NWA 2828 is an unusual EL3 Chondrite "Fossil Meteorite" occurring as cobbles in a terrestrial conglomerate. We first called this as a "Paleo-Meteorite" but a consensus in the scientific community prefers the term "Fossil Meteorite." This enstatite-rich meteorite was first discovered in Algeria and/or Western Sahara in 2005. It was originally thought to be an aubrite, but scientific examination of new material has revealed the presence of features that require revision of that classification. Several stones contain sparse (<1 vol.%) but very distinct round, radial pyroxene chondrules up to 3 mm across, as well as rounded, fine-grained aggregates up to 6 mm across composed mainly of either enstatite or sodic plagioclase (image 3). The dominant primary phase in NWA 2828 is essentially pure enstatite, which forms stubby prismatic grains.
New information on the find site in Western Sahara indicates that the NWA 2828 material was excavated from a subsurface deposit, and terrestrial rhyolite pebbles and sandy matrix are attached to several NWA 2828 stones. The pebbles cling to them via iron oxide/carbonate cement. The oxides are finely layered and alternate between magnetite and hematite, with inter layers of saline deposits. This suggests times of past wet to dry periods in a river or salt lake. However, the iron oxides contain nickel in a range of up to 6.5 percent, which strongly suggests that the pervasive 0.5 - 2 mm cavities in the NWA 2828 stones are the result of solution etching. The scientists who conducted the studies have concluded that incoming solutions replaced the primary nickel-iron grains with salts, carbonates, etc., while outgoing solutions formed nickel-rich iron oxides on the exterior of the stones, and cemented all of the neighboring terrestrial debris to the meteorite stones.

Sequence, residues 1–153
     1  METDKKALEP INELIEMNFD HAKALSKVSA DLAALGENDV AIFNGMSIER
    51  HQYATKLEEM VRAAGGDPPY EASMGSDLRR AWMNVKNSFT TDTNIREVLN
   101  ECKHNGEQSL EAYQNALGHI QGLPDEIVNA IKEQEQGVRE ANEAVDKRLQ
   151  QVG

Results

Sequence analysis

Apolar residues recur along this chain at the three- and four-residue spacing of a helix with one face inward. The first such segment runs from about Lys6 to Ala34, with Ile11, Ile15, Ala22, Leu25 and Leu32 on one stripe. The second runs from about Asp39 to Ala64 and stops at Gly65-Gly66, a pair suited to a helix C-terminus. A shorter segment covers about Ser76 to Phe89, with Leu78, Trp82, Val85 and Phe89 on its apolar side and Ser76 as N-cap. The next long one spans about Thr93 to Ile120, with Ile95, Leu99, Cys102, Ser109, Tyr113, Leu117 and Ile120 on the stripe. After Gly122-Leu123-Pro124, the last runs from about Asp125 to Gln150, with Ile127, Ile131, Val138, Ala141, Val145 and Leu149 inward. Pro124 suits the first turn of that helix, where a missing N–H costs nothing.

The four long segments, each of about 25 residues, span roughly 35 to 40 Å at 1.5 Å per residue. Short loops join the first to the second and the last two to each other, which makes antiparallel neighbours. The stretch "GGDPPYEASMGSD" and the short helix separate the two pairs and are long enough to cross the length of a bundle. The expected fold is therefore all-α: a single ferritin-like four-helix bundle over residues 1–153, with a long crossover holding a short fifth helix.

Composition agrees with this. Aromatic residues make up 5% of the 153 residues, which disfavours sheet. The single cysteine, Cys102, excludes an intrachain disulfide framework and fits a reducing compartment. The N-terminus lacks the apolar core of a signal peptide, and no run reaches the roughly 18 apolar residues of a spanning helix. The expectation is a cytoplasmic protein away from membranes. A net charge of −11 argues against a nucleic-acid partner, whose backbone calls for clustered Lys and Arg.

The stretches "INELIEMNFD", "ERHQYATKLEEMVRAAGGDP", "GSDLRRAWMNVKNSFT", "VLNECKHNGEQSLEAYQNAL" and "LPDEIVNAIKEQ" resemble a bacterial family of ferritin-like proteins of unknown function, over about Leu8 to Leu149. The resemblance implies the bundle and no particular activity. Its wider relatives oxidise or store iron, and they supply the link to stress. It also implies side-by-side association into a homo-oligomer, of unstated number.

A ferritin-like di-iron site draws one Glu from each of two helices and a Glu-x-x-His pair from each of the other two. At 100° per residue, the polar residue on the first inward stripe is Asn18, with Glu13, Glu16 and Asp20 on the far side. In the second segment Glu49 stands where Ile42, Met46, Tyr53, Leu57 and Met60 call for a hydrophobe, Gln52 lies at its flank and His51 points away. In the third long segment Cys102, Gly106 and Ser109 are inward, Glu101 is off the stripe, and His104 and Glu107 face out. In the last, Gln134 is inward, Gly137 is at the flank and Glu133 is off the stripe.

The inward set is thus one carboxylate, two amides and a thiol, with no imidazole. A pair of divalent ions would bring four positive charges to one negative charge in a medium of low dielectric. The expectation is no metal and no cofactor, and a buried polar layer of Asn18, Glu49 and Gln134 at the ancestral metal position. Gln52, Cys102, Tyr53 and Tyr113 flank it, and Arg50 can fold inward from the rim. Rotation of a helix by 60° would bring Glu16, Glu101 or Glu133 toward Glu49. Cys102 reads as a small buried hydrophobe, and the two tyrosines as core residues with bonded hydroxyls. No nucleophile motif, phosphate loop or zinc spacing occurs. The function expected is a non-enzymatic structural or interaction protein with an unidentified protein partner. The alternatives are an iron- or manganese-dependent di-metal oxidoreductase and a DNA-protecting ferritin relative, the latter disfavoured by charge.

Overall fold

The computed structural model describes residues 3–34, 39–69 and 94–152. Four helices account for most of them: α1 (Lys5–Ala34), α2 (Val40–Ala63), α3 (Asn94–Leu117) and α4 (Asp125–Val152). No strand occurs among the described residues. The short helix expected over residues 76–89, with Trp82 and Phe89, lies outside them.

All this evidence for acidic alteration and precipitation in cavities combined with the terrestrial rhyolite pebbles cemented by sand seems to indicate that the NWA 2828 stones are partially altered EL3 chondrite fossil-meteorite cobbles in an ancient fluvial conglomerate. In such a river environment with intermittent high water volumes it is quite possible over time for original metal grains to be completely dissolved out of cobble-sized EL3 chondrite fragments. EL3 chondrites are extremely rare meteorites - other than this new specimen, only three Antarctic and one, (or possibly two), African examples are known, making EL3 chondrites rarer than aubrites!
Northern Arizona University classification discussion of NWA 2828/Al Haagounia:
Click here for Northern Arizona University (NAU) web site classification discussion
Meteoritical Bulletin entry for NWA 2828 (incorrect), should read "EL3":
Click here for the Official (incorrect) classification of NWA 2828